Mouthwashes keep their promises

Although many of us often use mouthwashes to help control bad breath, are they really genuinely effective? To answer this question, a group of scientists reviewed five randomized studies which included a total of nearly 300 adults with halitosis.

Bad breath, also known as halitosis, is caused by a breakdown of bacteria in the mouth, which produces foul-smelling sulphur compounds. This is the same type of compound that gives rotten eggs their characteristic nauseating stench. Although many of us often use mouthwashes to help control bad breath, are they really genuinely effective? To answer this question, a group of scientists reviewed five randomized studies which included a total of nearly 300 adults with halitosis. These studies compared the efficacy of various over-the-counter mouthwashes against that of placebos. The researchers concluded that these mouthwashes are in fact truly effective against bad breath, even though some of them can actually temporarily stain our teeth.

Two groups of mouthwashes were reviewed. The first group contained two antibacterial agents called chlorhexidine and cetylpyridinium, and the second contained chlorine dioxide and zinc. The researchers concluded that antibacterial mouthwashes from the first group considerably reduced the levels of odour-causing bacteria on the tongue. Moreover, they found that the second group of mouthwashes effectively neutralized stinky sulphur compounds.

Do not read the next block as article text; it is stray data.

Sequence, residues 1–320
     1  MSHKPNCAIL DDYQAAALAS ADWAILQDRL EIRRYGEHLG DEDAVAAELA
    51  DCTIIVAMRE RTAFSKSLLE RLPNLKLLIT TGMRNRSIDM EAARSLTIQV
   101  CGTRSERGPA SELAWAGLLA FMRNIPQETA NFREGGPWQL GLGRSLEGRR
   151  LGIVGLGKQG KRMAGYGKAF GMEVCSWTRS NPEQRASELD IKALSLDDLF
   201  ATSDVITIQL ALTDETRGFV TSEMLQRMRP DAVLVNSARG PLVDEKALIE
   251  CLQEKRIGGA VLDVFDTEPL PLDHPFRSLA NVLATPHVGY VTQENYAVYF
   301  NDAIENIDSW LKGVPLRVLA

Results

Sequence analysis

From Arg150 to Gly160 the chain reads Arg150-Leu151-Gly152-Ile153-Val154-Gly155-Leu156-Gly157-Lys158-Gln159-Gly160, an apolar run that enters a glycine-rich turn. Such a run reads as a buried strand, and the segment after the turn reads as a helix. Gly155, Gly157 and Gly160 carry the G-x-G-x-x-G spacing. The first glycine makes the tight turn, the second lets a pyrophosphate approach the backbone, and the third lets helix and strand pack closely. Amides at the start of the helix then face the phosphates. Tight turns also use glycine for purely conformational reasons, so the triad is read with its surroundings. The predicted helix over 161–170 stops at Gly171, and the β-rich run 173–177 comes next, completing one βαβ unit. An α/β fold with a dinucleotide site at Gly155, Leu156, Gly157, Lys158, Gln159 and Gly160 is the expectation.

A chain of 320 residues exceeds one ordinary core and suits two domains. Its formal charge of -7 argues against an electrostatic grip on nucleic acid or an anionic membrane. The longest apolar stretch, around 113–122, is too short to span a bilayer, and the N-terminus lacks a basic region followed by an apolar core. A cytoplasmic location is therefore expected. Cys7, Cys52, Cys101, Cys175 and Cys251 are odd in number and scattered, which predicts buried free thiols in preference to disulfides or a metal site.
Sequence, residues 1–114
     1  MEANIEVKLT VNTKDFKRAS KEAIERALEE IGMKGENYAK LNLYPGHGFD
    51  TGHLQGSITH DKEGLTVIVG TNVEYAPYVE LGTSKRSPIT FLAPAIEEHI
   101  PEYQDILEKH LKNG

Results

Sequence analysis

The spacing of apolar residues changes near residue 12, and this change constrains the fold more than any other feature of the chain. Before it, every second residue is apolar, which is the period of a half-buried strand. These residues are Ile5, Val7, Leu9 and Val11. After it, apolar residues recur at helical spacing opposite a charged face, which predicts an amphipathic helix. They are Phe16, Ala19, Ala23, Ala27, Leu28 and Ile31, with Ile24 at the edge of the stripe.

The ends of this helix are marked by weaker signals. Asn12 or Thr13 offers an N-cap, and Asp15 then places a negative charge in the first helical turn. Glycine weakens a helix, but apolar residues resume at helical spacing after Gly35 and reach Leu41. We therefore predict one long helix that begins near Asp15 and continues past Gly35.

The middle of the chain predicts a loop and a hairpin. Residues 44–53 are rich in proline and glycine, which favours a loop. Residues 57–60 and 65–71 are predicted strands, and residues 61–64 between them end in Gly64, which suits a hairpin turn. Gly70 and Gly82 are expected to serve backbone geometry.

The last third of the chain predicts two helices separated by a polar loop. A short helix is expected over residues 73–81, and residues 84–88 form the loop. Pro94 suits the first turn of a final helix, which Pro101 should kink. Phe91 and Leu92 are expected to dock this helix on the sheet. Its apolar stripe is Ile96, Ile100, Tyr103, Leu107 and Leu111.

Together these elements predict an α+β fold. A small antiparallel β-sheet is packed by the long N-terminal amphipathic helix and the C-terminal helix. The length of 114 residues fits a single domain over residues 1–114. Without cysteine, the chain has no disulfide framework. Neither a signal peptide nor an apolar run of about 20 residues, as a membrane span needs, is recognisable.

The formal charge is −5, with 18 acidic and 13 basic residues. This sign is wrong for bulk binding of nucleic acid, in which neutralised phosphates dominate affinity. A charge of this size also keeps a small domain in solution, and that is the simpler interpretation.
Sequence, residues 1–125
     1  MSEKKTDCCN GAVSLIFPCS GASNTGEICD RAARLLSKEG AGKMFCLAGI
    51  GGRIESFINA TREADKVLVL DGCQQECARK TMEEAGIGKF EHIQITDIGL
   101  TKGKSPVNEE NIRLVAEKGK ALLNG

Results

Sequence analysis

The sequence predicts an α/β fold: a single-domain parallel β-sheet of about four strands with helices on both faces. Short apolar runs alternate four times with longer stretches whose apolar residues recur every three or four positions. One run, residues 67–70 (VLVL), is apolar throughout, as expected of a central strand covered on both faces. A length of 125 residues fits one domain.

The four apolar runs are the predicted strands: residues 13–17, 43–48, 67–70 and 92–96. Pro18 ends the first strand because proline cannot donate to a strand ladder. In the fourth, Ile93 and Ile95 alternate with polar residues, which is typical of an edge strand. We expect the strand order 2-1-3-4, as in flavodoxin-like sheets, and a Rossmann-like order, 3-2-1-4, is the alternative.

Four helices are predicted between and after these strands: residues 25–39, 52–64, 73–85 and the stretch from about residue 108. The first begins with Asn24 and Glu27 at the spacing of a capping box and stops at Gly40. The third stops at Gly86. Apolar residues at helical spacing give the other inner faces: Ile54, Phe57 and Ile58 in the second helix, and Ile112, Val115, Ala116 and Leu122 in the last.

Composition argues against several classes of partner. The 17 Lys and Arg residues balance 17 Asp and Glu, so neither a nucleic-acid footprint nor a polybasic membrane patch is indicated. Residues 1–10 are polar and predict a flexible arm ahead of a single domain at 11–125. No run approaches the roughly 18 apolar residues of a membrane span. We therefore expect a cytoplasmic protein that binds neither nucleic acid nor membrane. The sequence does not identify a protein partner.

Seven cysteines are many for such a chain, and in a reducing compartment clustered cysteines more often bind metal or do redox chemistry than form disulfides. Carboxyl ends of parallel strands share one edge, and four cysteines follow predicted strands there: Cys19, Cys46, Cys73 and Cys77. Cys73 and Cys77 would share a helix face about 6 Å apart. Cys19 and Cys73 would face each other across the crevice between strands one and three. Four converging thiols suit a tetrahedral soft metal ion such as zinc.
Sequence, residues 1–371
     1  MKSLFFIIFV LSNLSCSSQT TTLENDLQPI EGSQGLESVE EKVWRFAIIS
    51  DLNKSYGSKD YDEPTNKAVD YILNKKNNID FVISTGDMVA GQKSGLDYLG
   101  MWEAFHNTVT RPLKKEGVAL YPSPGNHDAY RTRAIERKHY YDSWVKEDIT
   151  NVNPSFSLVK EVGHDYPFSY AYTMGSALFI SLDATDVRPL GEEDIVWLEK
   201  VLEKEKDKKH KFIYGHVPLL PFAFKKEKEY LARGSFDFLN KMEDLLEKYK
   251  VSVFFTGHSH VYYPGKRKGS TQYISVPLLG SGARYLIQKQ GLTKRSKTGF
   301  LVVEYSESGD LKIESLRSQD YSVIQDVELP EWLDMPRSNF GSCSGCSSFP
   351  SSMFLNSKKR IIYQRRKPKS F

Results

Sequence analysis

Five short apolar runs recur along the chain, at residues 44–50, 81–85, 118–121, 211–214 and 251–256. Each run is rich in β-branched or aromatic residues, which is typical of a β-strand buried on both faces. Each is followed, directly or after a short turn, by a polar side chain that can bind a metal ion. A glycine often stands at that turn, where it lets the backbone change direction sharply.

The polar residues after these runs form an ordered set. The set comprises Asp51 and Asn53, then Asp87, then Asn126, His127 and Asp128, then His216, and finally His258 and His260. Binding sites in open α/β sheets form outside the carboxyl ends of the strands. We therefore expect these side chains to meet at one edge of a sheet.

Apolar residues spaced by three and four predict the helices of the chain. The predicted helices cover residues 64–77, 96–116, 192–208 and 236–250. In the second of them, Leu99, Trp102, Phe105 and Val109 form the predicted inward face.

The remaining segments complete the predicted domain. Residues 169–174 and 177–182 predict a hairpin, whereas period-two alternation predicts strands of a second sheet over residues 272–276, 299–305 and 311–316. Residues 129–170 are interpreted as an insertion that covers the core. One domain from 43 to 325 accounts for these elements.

On the other hand, the scientists also revealed that mouthwashes containing chlorhexidine cause a temporary but noticeable discoloration of the tongue and teeth, and can also temporarily distort taste perception.

In the end, the ultimate weapon in the fight against bad breath remains good oral hygiene. Here is how you can rid yourself of foul-smelling breath: use dental floss daily; brush your teeth and gums thoroughly, at least twice a day or after every meal; brush your tongue to eliminate the whitish biofilm of bacteria responsible for bad breath; drink plenty of water to ensure adequate salivation; and when needed, use an antibacterial mouthwash. Because our mouths are inactive during the night, and salivation is at its lowest, we have to contend with the dreaded nasty morning breath. Consequently, antibacterial mouthwashes are likely more effective when we use them right before bedtime.

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